Argentina's president is pressing her country's claim to the Falkland Islands with a high-profile appearance Thursday before a little-known United Nations committee on the 30th anniversary of Britain's ouster of an Argentine invasion force.
President Cristina Fernandez's attendance at the annual meeting of the world body's Decolonization Committee is the first by a head of state, and she is coming with dozens of supporters. By contrast, the Falkland Islands will be represented by two members of the Legislative Assembly, accompanied by six young islanders.
Argentina claims Britain has illegally occupied the islands they call the Islas Malvinas since 1833. Britain disputes Argentina's claim to the islands and says Argentina ignores the wishes of the island's 3,000 residents who have expressed a desire to remain British. Argentina maintains that the residents do not have the unilateral right to decide what they want the islands to be.
The clash over the islands flared into a brief war in 1982 when Argentina's then-military dictatorship invaded the archipelago in the south Atlantic, 460 kilometres off South America's coast.
Fernandez asked the 24-member Decolonization Committee to schedule the annual discussion of the Falkland Islands' status on Thursday's anniversary of Britain's victory that ended the 74-day conflict, a move apparently aimed at highlighting the ongoing dispute.
Britain's UN Ambassador Mark Lyall Grant recalled that on the 20th anniversary of the conflict there were a lot of joint commemorative events honouring the 649 Argentines, 255 British soldiers, and three islanders who died in the war and "it was done in a very statesman-like way."
It's "very sad," Lyall Grant said, that "this year the Argentinians for obviously purely domestic political reasons have hyped up the rhetoric in a massive way and are using every opportunity to try to internationalize the issue and get support from the regional organizations and make a song and dance at the UN."
For about a year, Argentina has been intensifying its campaign to pressure Britain into sovereignty talks, a theme it pushes in every international forum. The Argentine claim to the islands has support across Latin America, and the United States this week reiterated its neutrality.
At last year's Decolonization Committee meeting, Argentine Foreign Minister Hector Timerman made a new call to Britain for "good faith" negotiations on Falklands sovereignty, and Fernandez is likely to make a similar appeal. The committee itself reiterated its long-standing endorsement of talks.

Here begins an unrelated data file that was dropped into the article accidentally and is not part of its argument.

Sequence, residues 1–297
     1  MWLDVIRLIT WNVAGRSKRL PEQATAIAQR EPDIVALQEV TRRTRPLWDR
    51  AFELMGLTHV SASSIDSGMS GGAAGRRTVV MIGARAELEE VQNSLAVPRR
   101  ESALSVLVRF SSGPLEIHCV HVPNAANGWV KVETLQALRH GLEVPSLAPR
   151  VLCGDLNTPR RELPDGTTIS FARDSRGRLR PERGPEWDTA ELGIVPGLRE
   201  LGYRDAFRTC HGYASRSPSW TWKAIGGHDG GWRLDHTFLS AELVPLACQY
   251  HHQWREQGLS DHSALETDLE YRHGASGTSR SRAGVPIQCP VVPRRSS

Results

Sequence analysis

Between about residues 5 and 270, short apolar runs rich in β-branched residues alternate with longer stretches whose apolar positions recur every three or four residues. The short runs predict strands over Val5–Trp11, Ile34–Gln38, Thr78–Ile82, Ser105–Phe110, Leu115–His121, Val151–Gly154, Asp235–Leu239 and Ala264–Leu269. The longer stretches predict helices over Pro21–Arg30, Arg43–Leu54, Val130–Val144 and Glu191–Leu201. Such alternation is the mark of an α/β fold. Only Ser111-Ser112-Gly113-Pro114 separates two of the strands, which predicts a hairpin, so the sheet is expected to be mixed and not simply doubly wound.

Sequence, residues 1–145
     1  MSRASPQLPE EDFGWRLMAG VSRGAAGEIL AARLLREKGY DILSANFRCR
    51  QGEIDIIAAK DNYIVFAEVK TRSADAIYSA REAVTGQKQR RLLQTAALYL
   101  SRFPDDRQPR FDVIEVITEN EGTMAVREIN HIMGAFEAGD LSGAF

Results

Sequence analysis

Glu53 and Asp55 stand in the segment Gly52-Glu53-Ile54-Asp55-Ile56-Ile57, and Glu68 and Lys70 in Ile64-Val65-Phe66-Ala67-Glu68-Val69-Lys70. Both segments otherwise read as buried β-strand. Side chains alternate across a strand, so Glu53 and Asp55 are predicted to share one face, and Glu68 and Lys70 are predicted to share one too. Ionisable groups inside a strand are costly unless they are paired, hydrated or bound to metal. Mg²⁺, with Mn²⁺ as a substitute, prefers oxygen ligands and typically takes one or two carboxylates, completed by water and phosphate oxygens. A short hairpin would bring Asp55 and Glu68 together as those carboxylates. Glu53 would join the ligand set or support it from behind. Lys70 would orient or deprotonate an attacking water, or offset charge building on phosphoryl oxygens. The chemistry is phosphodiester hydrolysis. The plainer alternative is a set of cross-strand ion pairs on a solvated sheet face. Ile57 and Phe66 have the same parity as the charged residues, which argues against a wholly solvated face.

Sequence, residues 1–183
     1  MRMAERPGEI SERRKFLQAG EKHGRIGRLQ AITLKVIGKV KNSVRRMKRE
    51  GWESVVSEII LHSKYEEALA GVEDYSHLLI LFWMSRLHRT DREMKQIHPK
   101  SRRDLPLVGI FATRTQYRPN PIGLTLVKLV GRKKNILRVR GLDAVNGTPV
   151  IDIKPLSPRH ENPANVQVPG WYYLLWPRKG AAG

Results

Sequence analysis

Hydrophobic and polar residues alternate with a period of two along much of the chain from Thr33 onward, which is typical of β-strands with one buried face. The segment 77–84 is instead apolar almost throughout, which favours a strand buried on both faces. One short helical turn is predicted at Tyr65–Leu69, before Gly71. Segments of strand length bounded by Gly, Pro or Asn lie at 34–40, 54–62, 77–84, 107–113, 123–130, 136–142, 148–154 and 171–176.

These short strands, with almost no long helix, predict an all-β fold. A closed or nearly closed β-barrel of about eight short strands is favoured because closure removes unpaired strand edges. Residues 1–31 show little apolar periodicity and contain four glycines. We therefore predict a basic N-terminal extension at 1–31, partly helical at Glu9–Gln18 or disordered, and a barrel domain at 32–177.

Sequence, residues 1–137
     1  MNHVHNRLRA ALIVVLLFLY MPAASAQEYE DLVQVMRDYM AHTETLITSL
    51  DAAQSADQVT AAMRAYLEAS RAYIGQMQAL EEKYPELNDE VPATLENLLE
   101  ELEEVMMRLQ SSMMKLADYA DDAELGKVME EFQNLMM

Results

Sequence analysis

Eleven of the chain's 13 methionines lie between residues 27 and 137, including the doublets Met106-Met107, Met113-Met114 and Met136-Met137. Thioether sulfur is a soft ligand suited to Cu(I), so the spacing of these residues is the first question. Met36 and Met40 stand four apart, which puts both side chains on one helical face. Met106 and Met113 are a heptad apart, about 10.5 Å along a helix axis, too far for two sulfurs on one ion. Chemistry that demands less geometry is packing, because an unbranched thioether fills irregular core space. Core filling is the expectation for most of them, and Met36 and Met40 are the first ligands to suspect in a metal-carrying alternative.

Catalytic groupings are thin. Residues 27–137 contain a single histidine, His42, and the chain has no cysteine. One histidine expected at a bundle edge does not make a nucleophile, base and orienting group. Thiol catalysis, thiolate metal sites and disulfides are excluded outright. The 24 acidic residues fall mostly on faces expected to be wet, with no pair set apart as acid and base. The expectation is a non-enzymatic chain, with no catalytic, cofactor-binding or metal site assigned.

Britain has refused Argentina's repeated calls to negotiate the islands' sovereignty, saying it's up to the islanders to decide.
The Falkland Islands government announced Tuesday it plans a referendum next year on the political future of the archipelago.
Gavin Short, chairman of the Falklands' legislature, said he hoped that a referendum would help the Falklanders "convey a strong message to the outside world," about their desire to retain ties to London.
After the 1982 war, the islands became a self-governing British overseas territory, with a directly elected legislative assembly that oversees the local government. Islanders still have British passports and benefit from a sizeable British defence force. While a visiting British governor still has veto power over local decisions, islanders say he's never used it.
In a speech on the 30th anniversary of Argentina's April 2, 1982 invasion of the islands, Fernandez said her government sets a global standard for protecting human rights and vowed to "respect the interests of the islanders" as her country seeks to peacefully regain control. "We don't have war drums, nor do we wear military helmets," she said.
Mike Summers, a member of the Falklands' legislature, told reporters Wednesday that Thursday's meeting will mark "the first time that a head of state has ever come, sat on the floor and spoken at the committee."
He said there are no formal arrangements for the Falklands delegation to meet Fernandez.
"It is normal protocol after the event for our delegation to shake hands with the leader of the Argentine delegation, but we don't know whether that will happen," he said.
Summers said he plans to tell the committee it is there to help the people of non-self-governing territories achieve the maximum internal self-government possible, not to judge a dispute between Argentina and Britain.
Fellow lawmaker Roger Edwards said he has three messages: "Self-determination. Self-determination. Self-determination. We have the right to determine our own future."
British Prime Minister David Cameron said the country will abide by whatever choice the islanders make in the referendum — and he urged Argentina and its allies to do the same.
In a message on Thursday's anniversary, he said "next year's referendum will establish the definitive choice of the Falkland Islanders once and for all."
"And just as we have stood up for the Falkland Islanders in the past, so we will in the future," he said.
- Politics & Government
- Cristina Fernandez